Jonathan Feeney, an analyst at Janney Montgomery Scott, in a Dec. 9 research note acknowledged the macroeconomic risk that some see in Kroger's stock but recommended aggressively buying the shares. "Kroger's core earnings power hasn't changed, and while the near-term outlook is challenging, Kroger has the best [comparable-store sales] and is the best-positioned traditional grocer vis-à-vis a continually thrifty consumer and a stronger mass merchant lineup," all at a similar valuation to the group. On Dec. 8, Kroger reported third-quarter earnings of 27 cents a share, excluding a $1.62 impairment charge and an eight-cent loss on lower fuel margins. The company attributed the poor results, which missed analyst estimates, to "persistent deflation, unusually intense competition and the cautious mindset of customers," which overshadowed strong fundamentals such as good tonnage growth, market share gains, and cost controls. The tough consumer environment prompted Kroger to cut its capital spending plans to less than $2 billion a year on average during the next three fiscal years, which is about $1 billion less than what it initially planned to spend during that period. The reduced spending should increase the company's free cash-flow yield by about 20 cents a share vs. prior expectations, and could result in share buybacks, the Janney note said. As for broad-line retailers, UBS Equity Research upgraded Target to buy from neutral on Feb. 16 and raised its price target to $57 from $55 after upward earnings revisions and signs of improving consumer acceptance. In a research note, analyst Neil Currie said he was encouraged by better-than-expected comparable-store sales in December and "inline performance in January," particularly in consumable (single-use) goods. "We believe consumers are positively responding to Target's more promotional perception storewide," the note said. An investor conference on Jan. 21 "highlighted its renewed focus on driving traffic and increasing the productivity and shopability of its chain." Target's credit operations remain a concern, but Currie said his revised 2010 earnings forecast of $3.68 a share (up from the previous $3.60 estimate) "reflects a conservative stance of very modest profitability." Health-Care Sector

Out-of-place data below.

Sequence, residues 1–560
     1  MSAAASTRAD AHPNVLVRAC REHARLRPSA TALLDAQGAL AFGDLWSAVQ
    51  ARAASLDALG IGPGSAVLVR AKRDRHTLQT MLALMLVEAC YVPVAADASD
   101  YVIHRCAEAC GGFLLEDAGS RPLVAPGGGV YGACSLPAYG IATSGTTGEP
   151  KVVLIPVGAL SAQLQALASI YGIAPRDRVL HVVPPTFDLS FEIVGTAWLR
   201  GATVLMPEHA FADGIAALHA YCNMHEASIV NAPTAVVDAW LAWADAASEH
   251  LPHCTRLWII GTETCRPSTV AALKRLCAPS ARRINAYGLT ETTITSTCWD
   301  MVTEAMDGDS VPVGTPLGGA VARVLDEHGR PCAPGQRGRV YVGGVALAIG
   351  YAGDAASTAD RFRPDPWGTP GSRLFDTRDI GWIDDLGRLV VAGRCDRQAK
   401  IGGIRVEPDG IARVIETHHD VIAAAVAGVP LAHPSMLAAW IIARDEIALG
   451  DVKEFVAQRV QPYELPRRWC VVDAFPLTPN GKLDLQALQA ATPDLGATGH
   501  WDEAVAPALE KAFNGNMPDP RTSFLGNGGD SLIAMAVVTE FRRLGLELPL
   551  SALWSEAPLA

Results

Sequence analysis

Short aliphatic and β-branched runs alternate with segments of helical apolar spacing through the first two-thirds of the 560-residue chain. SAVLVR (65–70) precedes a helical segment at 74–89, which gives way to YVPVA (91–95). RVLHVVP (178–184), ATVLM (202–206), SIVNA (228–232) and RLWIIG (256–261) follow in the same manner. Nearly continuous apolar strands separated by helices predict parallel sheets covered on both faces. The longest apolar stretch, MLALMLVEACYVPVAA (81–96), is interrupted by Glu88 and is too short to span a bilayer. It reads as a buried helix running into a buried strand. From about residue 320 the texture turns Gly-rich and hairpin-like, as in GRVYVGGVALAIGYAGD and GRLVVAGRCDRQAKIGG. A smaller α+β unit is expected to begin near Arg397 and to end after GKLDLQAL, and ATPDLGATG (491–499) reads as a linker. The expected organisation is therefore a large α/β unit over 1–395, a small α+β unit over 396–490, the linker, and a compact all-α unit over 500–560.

Health care is another sector where there are plenty of large companies with little or no exposure to foreign countries. Analyst Jason Gurda at Leerink Swann & Co. likes most of the managed-care group more than hospitals and has an outperform rating on WellPoint and Cigna (CI), which generates 89% of its revenue in the U.S. Those ratings are based on a combination of attractive valuations and confidence that earnings expectations can be achieved, he says. "[V]aluations are still being impacted by potential health-care reform and other regulatory risks, even though those are looking a lot less drastic than a few months ago," he says. "[The stocks] are still trading at significant discounts to where the group has traded historically." One sector to stay away from if you prefer stay-at-home stocks is telecom, according to Christopher King, an analyst at Stifel Nicolaus & Co. (SF). "There's no growth left in U.S.telecom. The broadband and wireless [markets] are saturated. There are pricing pressures in both, particularly in wireless," he says. The easiest money to be made in telecom now is by "betting on increases in wireless penetration in emerging or frontier markets, whether Latin America or Africa." Multinationals like Coca-Cola (KO) are probably getting enough growth from sales in Asia to be able to neutralize any currency translation losses from Europe, says Cline at the Peterson Institute. And while it won't be easy for Europe to work out its debt problems, he's not sure those will continue to depress the euro. "The European Union's current account [the difference between total exports of goods, services, and transfers and total imports of them] is much closer to balanced" than that of the U.S., he says. "At some point investors are going to [realize] the U.S. has its own fiscal issues to deal with. All it takes is California to go belly-up for the euro to start looking good again by comparison."